Worried Sick

A Prescription for Health in an Overtreated America

Nortin M. Hadler, MD

The theme of this book is clearly stated on the first page; “We are becoming increasingly medicalized, made to think that all life’s challenges demand clinical intervention, when the science dictate’s otherwise”. p. 1…

We don’t know why heart attacks are no longer so common or so evil. Medicine deserves little if any credit. But heart attacks are no longer your father’s heart attacks. p. 17

Man Having Chest Pains

pills

Ten percent of all drugs approved for marketing by the FDA between 1975 and 1999 were subsequently either withdrawn from the market because of adverse reactions or labeled with a “black box” indicating special hazards. p. 39

The denser breast is at greater risk for breast cancer but unfortunately also for a breast cancer that escapes detection by mammography. We seem to be asking more of anatomical imaging technology than it can possibly deliver. p. 87

skull

If you choose to seek the care of someone licensed to practice medicine or surgery, you move from a person with a predicament to a patient with an illness. This particular transition is a form of medicalization. p. 109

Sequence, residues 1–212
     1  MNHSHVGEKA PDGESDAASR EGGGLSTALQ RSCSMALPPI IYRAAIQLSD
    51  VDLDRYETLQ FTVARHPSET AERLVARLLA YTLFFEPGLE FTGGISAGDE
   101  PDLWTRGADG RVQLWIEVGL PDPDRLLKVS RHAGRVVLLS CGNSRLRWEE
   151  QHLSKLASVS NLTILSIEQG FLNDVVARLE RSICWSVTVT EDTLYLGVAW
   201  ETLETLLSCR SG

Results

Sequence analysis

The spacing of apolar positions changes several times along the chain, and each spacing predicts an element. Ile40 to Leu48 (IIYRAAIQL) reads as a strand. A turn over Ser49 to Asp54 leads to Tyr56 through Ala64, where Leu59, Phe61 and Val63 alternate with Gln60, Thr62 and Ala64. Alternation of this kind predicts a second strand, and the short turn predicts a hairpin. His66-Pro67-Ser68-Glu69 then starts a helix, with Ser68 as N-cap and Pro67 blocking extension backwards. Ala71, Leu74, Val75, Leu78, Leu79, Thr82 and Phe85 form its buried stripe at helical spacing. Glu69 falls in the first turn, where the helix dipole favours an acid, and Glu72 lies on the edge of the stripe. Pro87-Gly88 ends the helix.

It’s abnormal to go long without experiencing regional back pain. Low back pain is one of many recurring predicaments of life, like heartburn and heartache. To be well is not to be spared. To be well is to have the wherewithal to cope until the pain goes away, cope so well that the episode is not even memorable. p. 111

pelvis

All elderly have degenerative diseases of the spine. All elderly cope with backache frequently. There are many surveys suggesting that backache colors the year for as many as half of women over age sixty-five. Osteoporotic fractures are a minor factor in all this morbidity. p. 157

Despite speaking of morbidity, this is not intended to be morbid. The challenge for everyone is when to seek medical consultation for a problem and when to self-treat and wait. And when we do seek care, we need to find competent people for whom we continue to be a person, not just a patient. It not only feels better to us, it works better. Medicine uses science, but practicing medicine is an art as is living an art.

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